Hannah’s sister Mary (Smuin) Brandon (or Brandham) died July 15, 1856 and left two sons, Jabez and Jessie and three daughters, Hannah, 14, Naomi 5, and Elizabeth 2. Hannah’s mother, Esther Hannah made a home for Jabez. Her sister, Susannah (Smuin) Empy took Jess and Elizabeth. Daniel and Hannah Harvey took Hannah and Naomi into their care and these two young women came to America with them. Rachel and Matilda Smuin, daughters of Hannah’s brother, Thomas Smuin were also chaperoned on the journey from England to Utah.
The Harvey family accompanied by their nieces commenced their journey on the sailing ship Amazon, which departed London June 4, 1863 bound for New York. From New York they traveled by rail to Omaha, Nebraska, the staging center for the trek across the plains and through the Rocky Mountains. Here they were met by men with ox teams who were sent from Salt Lake to bring them the rest of the journey, those that were able walking most of the way. Rosel Hyde was the Captain of their company, which arrived in Salt Lake City in October 1863.
They went to stay with Hannah’s sister, Harriet (Smuin) Clark. Daniel found work in Winell’s flour mill in Kaysville and the family came to Kaysville where they settled. The first night in Kaysville they were greeted by a light snow and no house available to shelter them. A Place was dug out of the side hill near the mill and was made as comfortable as possible for the family. It was quite warm inside, with a heavy timber door, well chinked up and a place made for a chimney.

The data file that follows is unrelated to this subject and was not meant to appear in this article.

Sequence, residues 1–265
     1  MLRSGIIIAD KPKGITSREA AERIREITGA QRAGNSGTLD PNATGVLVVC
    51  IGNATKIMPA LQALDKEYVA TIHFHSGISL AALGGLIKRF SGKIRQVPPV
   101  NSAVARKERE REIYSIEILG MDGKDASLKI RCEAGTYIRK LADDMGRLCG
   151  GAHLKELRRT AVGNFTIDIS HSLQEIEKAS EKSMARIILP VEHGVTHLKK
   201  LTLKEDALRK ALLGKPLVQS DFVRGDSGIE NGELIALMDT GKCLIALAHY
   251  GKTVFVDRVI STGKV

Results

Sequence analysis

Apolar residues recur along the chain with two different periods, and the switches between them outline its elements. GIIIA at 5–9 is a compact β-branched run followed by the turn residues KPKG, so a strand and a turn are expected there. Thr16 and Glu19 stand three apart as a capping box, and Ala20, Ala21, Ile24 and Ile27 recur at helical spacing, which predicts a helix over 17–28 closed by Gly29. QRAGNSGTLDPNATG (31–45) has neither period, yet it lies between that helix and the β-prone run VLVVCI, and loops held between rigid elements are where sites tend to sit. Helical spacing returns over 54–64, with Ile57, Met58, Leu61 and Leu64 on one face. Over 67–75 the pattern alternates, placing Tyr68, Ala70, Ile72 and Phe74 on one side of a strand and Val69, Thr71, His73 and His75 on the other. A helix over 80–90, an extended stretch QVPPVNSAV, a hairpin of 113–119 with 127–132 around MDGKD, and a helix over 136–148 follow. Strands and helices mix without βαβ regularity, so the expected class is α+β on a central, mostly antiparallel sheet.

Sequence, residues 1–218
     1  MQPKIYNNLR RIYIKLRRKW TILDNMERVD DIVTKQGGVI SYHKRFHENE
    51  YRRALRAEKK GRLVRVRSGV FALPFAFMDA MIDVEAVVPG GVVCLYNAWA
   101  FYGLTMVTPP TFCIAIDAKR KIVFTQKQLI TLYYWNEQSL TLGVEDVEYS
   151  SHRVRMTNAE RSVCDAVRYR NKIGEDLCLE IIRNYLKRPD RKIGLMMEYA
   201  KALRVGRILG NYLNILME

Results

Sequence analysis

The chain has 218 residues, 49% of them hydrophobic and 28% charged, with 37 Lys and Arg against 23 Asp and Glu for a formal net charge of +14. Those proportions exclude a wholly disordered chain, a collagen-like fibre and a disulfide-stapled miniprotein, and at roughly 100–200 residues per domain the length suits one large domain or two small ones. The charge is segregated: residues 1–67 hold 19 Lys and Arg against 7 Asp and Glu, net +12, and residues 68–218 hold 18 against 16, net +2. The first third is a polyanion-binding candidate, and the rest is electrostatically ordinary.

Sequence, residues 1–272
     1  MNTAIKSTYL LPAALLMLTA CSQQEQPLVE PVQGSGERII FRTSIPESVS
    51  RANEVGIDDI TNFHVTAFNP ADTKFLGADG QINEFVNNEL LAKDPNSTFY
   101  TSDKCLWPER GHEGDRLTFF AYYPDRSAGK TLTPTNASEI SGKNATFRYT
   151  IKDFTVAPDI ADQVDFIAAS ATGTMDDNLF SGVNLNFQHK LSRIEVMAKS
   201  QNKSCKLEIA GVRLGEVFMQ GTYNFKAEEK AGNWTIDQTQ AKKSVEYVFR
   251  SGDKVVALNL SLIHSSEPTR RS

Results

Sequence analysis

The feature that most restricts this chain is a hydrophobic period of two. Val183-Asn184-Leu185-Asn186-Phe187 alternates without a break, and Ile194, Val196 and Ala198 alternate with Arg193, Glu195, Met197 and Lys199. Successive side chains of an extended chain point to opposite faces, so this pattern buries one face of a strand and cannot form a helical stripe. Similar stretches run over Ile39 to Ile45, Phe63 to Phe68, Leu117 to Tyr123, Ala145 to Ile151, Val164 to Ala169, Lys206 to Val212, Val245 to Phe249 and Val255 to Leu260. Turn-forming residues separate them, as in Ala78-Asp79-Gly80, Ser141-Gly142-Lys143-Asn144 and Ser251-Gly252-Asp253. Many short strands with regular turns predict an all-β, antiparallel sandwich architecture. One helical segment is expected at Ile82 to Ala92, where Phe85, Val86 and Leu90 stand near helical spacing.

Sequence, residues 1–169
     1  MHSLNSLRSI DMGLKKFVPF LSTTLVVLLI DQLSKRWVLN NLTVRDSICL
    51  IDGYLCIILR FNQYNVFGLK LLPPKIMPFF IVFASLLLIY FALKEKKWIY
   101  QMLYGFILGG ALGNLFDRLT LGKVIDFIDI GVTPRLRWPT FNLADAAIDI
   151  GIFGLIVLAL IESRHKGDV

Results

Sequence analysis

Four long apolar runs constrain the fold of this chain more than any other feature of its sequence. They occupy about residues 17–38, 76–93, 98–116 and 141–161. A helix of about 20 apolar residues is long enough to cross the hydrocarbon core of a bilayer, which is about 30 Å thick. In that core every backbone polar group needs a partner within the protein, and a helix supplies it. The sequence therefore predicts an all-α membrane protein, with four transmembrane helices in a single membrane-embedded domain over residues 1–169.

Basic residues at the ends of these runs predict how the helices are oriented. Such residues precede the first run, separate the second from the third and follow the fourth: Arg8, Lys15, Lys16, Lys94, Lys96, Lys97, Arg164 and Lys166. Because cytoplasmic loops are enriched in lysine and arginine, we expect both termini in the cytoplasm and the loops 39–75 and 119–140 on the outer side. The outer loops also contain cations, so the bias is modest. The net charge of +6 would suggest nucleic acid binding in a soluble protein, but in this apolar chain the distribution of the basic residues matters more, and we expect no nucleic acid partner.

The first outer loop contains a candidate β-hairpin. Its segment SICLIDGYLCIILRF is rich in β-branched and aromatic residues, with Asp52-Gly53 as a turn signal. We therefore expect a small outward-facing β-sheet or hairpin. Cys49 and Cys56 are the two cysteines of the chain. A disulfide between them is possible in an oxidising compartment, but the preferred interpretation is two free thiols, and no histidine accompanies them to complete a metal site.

In the spring of 1864 the family moved to the base of the mountains east of Kaysville and proved up on a 160 acre homestead. In their log home of two rooms, four more children were born; Susannah in 1865, Mary in 1868, Martha in 1870 and Mercy in 1872. Two of the children died in infancy.
Later, Daniel built a larger home. It had to be larger to accommodate their large family as well as the old folks who were coming from England. They even raised other children who had been orphaned on the trek.
The winter after they build their home was a difficult one. Daniel worked where ever he could for potatoes and some meat. Hannah supplemented the larder with her skilled hands designing and making wedding dress, tailoring suits for men, making saddle blankets and repairing buckskin garments.